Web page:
Most people will have heard the news, of course, that Ray Bradbury passed away yesterday. The outpouring online (a place he avoided) has been both wide and deep. I’ve read many tributes to him, essays about him, and interviews with him over the past day and I think the world is less rich for being without him now.
Here are some of the pieces that touched me or spoke to me.
A non-SF short story by Bradbury himself, made available by the New Yorker: “I See You Never.”
An essay by Bradbury himself about science fiction and his grandfather in the New Yorker: “Take Me Home”
A piece on Bradbury by Neil Gaiman published in the Guardian: “A man who won’t forget Ray Bradbury”
A piece by Junot Díaz in The New Yorker: “Loving Ray Bradbury”
And this 2010 interview with Bradbury in The Paris Review
I am eagerly awaiting the publication of Margaret Atwood’s piece in the Guardian
I was going to tweet to Tony Horton as an early start to my celebration of completing P90X, but I find myself feeling odd about being so close to the end of it. I should feel happy, ecstatic, proud. I should be celebrating. I don’t feel any of those things. I feel a bit of dread and a lot of confusion.
The truth is this: I DON’T WANT IT TO END. When P90X is over, the question for me is what’s next? Do another round choosing a different program? Make up my own workout schedule utilizing other systems? Try Insanity? What comes next?
And I can’t help but find that question a little intimidating. I am in the best shape of my adult life, possibly of my entire life. And I’m addicted to feeling like this. I also know how easy it would be just to relax, to allow myself to think “I’ve done it. Glad it’s over.” and eat a Krispy Kreme. As Tony would say, “Nuh-uh, no Krispy Kremes in this house. Get ‘em out!”
I have some ideas about things I want to do, but I’m also taking suggestions. Anyone else had any experience with post-P90X-depression? How did you fight it? What dd you do after P90X?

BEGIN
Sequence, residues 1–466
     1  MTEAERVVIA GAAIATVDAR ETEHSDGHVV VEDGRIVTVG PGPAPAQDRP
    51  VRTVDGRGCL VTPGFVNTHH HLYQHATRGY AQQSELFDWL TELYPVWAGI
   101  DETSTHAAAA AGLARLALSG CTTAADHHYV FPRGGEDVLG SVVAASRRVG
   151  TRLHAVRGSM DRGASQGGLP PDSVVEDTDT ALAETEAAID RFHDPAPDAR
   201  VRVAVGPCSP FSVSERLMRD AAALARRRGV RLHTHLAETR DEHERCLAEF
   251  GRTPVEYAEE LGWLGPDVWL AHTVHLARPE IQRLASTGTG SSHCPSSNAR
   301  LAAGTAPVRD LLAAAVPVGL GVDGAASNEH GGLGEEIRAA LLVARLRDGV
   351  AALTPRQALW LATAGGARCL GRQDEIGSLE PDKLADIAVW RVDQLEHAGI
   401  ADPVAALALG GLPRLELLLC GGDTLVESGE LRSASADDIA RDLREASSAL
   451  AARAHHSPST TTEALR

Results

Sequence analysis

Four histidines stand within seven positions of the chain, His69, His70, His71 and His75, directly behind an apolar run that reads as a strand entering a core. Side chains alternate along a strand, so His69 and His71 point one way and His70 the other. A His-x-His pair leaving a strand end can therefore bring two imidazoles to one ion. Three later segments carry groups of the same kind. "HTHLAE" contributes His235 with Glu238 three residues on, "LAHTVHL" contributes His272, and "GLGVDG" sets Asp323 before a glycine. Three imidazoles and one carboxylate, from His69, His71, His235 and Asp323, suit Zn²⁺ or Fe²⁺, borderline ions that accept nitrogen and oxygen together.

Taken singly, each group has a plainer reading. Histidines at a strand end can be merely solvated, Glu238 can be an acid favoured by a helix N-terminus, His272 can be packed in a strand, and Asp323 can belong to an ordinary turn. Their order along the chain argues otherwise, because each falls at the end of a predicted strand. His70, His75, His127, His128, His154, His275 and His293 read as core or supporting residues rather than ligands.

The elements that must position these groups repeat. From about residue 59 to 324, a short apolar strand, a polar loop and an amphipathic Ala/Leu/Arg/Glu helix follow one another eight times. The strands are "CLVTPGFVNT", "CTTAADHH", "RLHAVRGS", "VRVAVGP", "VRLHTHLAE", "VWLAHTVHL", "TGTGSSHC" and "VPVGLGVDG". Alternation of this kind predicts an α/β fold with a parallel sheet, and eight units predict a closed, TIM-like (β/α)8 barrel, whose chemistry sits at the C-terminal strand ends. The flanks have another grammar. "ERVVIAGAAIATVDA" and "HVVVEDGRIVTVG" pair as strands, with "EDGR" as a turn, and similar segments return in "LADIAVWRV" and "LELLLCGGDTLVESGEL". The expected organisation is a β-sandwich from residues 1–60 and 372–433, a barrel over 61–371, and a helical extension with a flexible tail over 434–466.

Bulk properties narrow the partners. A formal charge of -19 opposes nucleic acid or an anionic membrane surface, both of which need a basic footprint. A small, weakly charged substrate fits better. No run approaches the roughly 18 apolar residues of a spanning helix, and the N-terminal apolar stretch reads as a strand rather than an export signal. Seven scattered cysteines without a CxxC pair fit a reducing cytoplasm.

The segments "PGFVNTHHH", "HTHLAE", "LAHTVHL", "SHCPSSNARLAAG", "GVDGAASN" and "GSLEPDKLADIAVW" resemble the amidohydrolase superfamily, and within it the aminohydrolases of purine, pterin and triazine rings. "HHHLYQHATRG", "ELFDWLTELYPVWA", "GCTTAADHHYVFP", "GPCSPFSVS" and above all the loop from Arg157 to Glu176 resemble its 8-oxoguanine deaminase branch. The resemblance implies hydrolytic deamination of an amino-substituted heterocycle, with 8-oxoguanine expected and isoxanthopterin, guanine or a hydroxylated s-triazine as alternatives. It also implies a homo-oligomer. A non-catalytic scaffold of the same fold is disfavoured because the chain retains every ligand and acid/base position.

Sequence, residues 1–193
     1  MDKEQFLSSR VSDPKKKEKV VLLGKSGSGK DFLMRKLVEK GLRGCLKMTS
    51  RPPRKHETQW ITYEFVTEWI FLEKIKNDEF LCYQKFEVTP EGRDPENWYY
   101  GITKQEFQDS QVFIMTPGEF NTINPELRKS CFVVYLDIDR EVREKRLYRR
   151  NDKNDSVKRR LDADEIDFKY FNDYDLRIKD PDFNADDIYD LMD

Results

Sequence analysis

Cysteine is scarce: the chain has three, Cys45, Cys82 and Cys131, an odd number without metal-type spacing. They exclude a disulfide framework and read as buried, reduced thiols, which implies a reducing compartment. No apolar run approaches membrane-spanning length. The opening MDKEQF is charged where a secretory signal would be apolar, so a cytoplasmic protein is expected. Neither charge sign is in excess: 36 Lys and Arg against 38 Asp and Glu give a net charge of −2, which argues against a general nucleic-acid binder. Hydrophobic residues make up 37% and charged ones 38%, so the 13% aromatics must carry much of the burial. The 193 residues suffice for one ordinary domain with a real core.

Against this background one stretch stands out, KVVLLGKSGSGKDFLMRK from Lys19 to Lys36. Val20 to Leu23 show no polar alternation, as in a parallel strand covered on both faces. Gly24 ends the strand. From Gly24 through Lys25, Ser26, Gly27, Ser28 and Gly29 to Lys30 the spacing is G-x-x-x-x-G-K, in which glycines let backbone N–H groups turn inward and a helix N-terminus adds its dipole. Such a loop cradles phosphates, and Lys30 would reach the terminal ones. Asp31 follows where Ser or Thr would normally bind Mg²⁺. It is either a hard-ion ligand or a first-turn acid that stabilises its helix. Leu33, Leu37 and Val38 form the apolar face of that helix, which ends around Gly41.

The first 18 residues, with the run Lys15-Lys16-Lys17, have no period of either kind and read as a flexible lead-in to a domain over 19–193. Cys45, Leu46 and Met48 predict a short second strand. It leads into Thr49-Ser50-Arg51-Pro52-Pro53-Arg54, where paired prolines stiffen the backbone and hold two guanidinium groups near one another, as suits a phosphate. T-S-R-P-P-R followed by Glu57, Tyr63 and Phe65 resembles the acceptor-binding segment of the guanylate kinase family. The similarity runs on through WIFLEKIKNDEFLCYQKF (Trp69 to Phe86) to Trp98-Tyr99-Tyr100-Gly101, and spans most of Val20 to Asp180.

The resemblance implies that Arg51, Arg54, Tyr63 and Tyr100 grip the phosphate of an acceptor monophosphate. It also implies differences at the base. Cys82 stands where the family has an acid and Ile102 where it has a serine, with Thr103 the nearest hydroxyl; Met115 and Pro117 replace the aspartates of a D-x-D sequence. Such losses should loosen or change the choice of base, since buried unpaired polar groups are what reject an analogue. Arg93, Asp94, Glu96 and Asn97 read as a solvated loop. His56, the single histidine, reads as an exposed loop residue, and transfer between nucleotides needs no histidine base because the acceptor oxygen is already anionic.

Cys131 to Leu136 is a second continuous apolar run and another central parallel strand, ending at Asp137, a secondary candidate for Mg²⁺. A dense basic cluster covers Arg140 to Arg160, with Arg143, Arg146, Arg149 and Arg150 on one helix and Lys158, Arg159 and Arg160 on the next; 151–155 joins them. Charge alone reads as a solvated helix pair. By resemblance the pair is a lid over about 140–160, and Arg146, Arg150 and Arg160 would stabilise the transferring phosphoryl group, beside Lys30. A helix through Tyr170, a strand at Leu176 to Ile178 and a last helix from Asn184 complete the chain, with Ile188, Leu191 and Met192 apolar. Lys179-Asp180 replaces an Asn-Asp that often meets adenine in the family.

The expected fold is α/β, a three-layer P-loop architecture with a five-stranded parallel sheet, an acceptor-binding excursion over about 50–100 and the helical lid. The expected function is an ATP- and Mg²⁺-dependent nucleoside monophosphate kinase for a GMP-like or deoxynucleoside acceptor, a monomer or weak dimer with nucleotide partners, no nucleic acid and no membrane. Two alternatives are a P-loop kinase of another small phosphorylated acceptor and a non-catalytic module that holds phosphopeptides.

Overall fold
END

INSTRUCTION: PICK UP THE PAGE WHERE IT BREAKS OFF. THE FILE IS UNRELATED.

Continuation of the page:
Also, while supplies last, I’m selling tickets. To the ladies’ gun show. ;) <flex>
Oh how very, very true. My last trip resulted in 13 books entering my house.
The Known World by Edward P. Jones
I am currently reading The Known World by Edward P. Jones. I’m not far enough into it to talk about the story or over-arching themes, yet. But I am loving the style. Each sentence feels like a story on its own: it hints at events yet to come and reveals details of the past that color the present and will direct the future. Yet the sentences also feel like a conversation you might have sitting on the porch in the evening in the company of an older friend who knows all the histories of everyone in your little town, knows the gossip, meanders through the stories, but never once judges, just tells the tales.
That being said, it does make for tough reading sometimes and I find myself dodging back and forth through the pages to make sure I know the stories of the character who is currently the focus of the writing.
I found this brief interview with Jones at NPR which I enjoyed. I think I would like the opportunity to have a glass of iced tea with Jones and listen to the stories in his head: of his characters and of his life. He seems much like the narrator of his novel, with all the stories, but also, no judgements.
The Muppets pay tribute to their creator, Jim Henson, who passed away 22 years ago this week.
“We were just starting to get to know him.”
Jim Henson (September 24, 1936 – May 16, 1990). Henson may be gone, but his magic is not.
Lovely image of Henson with Ernie from Sesame Street fame.